2. Please bear with me as this may be a lengthy post. I want to make sure to clearly express the facts. This is the 5th year using my pre-lit tree. It's nothing special, just your regular WallyWorld "Holiday Time" pre-lit tree. While I've had a bulb burn out here and there, this year I have a couple random sections burnt out. I've done some research and learned that this seems to be one of those parallel/series situations. There are 3 sections to the tree and each seems to have 3 strings of lights connected in this manner. I've also done research on the actual problem I'm having which led me here. Let me explain what I've done so far: I've started with the very top section of the tree. I removed it, disconnected the star (it is also a lighted decoration that I connect into the tree lights), and plugged it directly into an extension cord - same result. I checked the fuses in every location I could find. None are obviously burned out. I have not replaced any fuses. The white tags on each string end state the following: 120V, 60Hz, 0.34A, 40.8W. It also states "Use 2.5 volt, 0.43 watt lamps only." I purchased some 2.5v replacement bulbs but there is no wattage listed. Also no designation as to whether they are energy savers or super brights. NOTE: these are the same bulbs I used to replace random burnt out bulbs last year with no obvious issues I found the end of the string and began replacing bulbs one by one. It didn't seem to be having any impact so I backtracked. I removed a known good bulb from the known good string. Naturally, the good string went dark. I went back to the beginning of the bad string and started over. I removed the first bulb from the bad string and plugged it into the good string. While the bulb didn't light, the shunt was obviously working properly as the good string lit up with that bad bulb plugged in. Logic tells me that it isn't a problem with the socket so I replaced each bad bulb with a new one. I happened to notice over time, upon closer inspection, that nearly EVERY bulb had those burn marks inside even though the filament appeared to still be intact. As I worked my way through the bad string bulb by bulb, the string still didn't light, nor did any individual bulb. There were a couple of good bulbs in that bad string so I left them as is. Near the middle of the string, after replacing one of the bulbs, THE DEAD STRING FINALLY LIT UP! (only the bulbs that I had already replaced) YAYYYY! (wait for it...) The string lit up quite brightly. I was too close to notice but my daughter was a few feet away and asked why those lights looked different. Just that string was much brighter. My hand happened to brush against a bulb (while I was doing my happy dance) and I noticed it was HOT. Then I noticed the smell...like something burning. Just as I was about to unplug the string...THE ENTIRE STRING WENT DARK. Bummer...WTH??? I went back to the beginning of the bad string and don'tcha know...ALL of those buggers had the burn marks inside again. DAMMIT, JIM!!! SO...according to the research I've done here, I believe these to be the facts: The top of the tree, at least, has 3 strings of approximately 35 lights, connected in series/parallel. I did the math... .43w / 120V = .003583. There are 7 "branch clusters" that are dark and one of them has 5 bulbs, so it makes sense. I've learned about the 2 different kinds of bulbs but am unable to find any specifically labeled as such. There is no documentation for the tree itself to tell me if it is energy saving or super bright. I am also unable to find any bulbs that specifically state wattage. The bulbs I purchased ONLY state 2.5v with no other description. That being said...as I mentioned above, I have used these bulbs to replace random burned out bulbs with no obvious problems. It SEEMS like they work. How am I supposed to know if I have the proper replacement bulbs? Is it possible that the random bulbs I've replaced have caused the strings in question to go dark because they're actually the wrong bulbs? Do I need to simply replace ALL of the bulbs in this string with NO POWER connected? Do I have a short in the wiring somewhere? I would think that if I did, just a simple wiggle/tighten would have caused them to flicker. Nothing like that happened on my initial inspection. I'm at a loss as to what to do next. I don't want to painstakingly replace 35 bulbs only to have them burn out in a flash within 2 minutes...again. Any suggestions will be greatly appreciated. I don't have a problem fixing this on my own, I just need to know what direction to go in. I don't want to waste time and money with continued trial and error. Maybe it just simply can't be fixed. If so, I'll strategically hang my ornaments to disguise the dark areas and look for a new tree once the post-holiday sales hit. Thanks in advance to all. If you need any other info just let me know.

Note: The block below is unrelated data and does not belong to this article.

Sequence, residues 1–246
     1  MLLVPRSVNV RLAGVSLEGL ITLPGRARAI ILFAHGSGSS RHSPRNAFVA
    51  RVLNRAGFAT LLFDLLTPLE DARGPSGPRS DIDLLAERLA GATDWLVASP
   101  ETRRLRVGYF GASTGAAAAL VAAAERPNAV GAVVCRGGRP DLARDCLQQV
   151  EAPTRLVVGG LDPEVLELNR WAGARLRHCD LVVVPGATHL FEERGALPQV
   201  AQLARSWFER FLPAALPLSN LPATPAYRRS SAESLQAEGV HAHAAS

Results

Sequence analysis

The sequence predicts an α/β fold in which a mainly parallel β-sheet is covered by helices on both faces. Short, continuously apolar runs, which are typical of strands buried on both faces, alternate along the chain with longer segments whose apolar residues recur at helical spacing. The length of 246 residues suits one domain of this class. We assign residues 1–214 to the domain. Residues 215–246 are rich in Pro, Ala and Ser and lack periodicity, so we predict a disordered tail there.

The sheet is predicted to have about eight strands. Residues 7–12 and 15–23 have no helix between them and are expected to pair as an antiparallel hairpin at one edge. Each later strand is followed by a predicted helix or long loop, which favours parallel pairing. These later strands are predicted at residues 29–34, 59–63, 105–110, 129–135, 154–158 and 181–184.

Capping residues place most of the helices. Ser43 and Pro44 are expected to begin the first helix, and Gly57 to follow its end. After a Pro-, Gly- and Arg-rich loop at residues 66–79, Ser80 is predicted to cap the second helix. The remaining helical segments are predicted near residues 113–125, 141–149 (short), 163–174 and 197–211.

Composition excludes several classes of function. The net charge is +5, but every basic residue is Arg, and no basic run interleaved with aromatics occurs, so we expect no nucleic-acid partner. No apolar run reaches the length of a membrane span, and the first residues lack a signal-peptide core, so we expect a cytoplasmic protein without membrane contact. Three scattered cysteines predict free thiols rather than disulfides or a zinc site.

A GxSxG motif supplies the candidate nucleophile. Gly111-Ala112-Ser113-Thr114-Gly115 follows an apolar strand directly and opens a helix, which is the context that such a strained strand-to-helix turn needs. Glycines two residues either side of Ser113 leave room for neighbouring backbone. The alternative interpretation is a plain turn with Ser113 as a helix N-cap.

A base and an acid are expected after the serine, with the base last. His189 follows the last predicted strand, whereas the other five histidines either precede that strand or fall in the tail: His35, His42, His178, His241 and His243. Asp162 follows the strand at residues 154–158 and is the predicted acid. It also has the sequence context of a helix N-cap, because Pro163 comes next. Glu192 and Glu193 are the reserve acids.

3. Noob intro

    Hello, all! Just a few words... I stumbled upon this forum as I'm sure many others do...I need help. I'm not sure how long I'll stick around. I DO love Christmas, especially the decorations, but having a small house I'm about at capacity for decorations. I'm waiting for someone to stage an intervention lol! I take pride in the fact that I have created some great holiday magic for my kids over the years by turning our humble abode into a scene of absolute wonder and delight. I am a female tech nerd. I work in IT and became a Certified Electronics Technician many, many moons ago. So many, in fact, that I've forgotten the majority of what I learned. However, I'm still smart enough to understand most things on a basic level. My training in IT has given me excellent troubleshooting skills. I look forward to learning some new things and maybe even making a new friend or two. Happy decorating to all...it's good to be here! This pic is from 2013 and it only shows half of my house. There are a few other decorations not pictured. I have made a few additions, changes and improvements in the past couple years. I'll try to post more pics.